For the CCW Carnot cycle, it might appear that *heat* energy flows *uphill, *from lower to higher temperature. That is not true. The temperature rise of

Figure 8.5: Counterclockwise Reversible Carnot cycle: (a) PV plot, (b) TS plot. The crosshatched area = *Q.* : the shaded + crosshatched areas = *Q _{+}.*

the working substance (refrigerant), comes from the adiabatic compression *work* process *da* in Fig. 8.4. That is a *work* process, NOT a heat process! In the CCW Carnot cycle, the heating energy added *to* the working substance from the T_ reservoir keeps the temperature constant as the gas expands.

## Efficiency measures

Thermal Efficiency of Heat Engines. Heat engines generate work to perform a desired task, using energy from a high temperature reservoir. A common measure of efficiency for a heat engine is the ratio of the work per cycle, li),_{v}, *by* the working substance to the energy input *from* the high temperature reservoir:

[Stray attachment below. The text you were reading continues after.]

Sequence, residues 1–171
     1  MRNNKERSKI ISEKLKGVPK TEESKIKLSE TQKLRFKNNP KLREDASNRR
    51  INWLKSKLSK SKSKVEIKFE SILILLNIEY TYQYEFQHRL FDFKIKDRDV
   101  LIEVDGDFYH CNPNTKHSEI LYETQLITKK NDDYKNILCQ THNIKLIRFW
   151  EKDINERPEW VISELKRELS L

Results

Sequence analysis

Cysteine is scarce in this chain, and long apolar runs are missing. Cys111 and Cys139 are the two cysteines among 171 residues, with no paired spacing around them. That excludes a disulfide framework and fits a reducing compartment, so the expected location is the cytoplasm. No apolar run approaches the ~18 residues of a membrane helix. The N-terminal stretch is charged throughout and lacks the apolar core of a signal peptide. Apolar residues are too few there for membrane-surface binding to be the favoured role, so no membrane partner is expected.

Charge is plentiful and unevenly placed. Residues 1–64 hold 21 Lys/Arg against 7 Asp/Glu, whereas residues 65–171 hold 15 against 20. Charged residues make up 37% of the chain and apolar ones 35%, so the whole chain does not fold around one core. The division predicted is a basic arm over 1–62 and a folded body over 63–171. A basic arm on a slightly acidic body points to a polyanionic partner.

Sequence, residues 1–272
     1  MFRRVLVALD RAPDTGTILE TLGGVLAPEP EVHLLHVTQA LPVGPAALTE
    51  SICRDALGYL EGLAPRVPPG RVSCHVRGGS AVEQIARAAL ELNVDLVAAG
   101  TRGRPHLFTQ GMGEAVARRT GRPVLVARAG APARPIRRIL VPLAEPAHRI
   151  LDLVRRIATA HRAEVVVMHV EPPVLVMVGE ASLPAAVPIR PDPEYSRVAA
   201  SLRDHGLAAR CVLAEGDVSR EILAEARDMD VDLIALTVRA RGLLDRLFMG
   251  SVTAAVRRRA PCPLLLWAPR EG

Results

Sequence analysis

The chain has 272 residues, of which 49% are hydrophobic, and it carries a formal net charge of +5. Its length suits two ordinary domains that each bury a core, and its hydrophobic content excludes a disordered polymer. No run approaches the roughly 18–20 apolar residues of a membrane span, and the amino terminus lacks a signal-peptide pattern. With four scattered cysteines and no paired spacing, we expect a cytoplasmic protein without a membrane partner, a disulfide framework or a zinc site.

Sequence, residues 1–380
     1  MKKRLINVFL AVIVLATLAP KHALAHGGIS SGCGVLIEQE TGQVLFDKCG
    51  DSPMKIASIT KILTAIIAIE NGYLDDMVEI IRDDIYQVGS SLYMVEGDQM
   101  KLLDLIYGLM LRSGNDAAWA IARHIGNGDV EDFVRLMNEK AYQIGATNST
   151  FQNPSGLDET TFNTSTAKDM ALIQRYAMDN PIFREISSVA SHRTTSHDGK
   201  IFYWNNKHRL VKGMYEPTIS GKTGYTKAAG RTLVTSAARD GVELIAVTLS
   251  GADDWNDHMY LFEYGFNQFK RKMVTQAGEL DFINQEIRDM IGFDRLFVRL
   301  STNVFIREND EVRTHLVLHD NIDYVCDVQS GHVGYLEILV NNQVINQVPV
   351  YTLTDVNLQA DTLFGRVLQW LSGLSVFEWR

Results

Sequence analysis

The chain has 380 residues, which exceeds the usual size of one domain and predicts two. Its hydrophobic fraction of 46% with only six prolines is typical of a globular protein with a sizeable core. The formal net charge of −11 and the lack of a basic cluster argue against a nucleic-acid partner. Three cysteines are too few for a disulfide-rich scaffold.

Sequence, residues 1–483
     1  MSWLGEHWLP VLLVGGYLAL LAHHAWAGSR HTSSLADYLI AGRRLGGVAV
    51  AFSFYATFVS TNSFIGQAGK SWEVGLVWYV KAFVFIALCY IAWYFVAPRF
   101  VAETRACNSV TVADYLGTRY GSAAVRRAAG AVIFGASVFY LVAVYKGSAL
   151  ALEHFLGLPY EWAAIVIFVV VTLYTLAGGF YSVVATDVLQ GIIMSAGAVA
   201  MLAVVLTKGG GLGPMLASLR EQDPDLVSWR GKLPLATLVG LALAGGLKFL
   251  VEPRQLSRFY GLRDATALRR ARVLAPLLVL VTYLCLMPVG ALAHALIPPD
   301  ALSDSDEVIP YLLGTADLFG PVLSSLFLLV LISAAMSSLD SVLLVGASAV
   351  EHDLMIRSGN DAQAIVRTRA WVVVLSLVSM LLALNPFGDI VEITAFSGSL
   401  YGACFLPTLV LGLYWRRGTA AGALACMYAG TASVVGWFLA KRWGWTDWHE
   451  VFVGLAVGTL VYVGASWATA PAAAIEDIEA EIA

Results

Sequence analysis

The reversible Carnot heat engine is important for several reasons. First, it uses two reservoirs, which simulate high and low temperature regions in steam engines and electricity generating plants. Second, there are two adiabatic segments, so all entropy changes occur along the isothermal segments. Third, as for all cycles, there is zero entropy change of the working substance during each cycle, so all net changes occur in the environment .

For the reversible Carnot heat engine, the entropy changes of the high and low temperature reservoirs are A.S'_{+} = *—Q _{+}/T_{+}* and A.S'_ = Q_/T_ respectively. The entropy change of the universe per cycle is

Thus, *Q-/Q+ =* T_/T_{+} and

Figure 8.6: An arbitrary *reversible* clockwise cycle *abcda.* An infinite number of reservoirs heat the working substance along the upper path *ab.* Along the lower path *cd,* energy is sent to an infinity of lower temperature reservoirs. The latter paths are separated by reversible adiabatic paths *be* and *da.* (Adapted from H. S. Leff, “Reversible & irreversible heat engine & refrigerator cycles,” Am. J. Phys. 86, 344-353 (2018) with permission of the American Association of Physics Teachers.)

If the Carnot cycle is *irreversible,* then Eq. (8.4) is replaced by *AS _{univ}* = Q-/T- —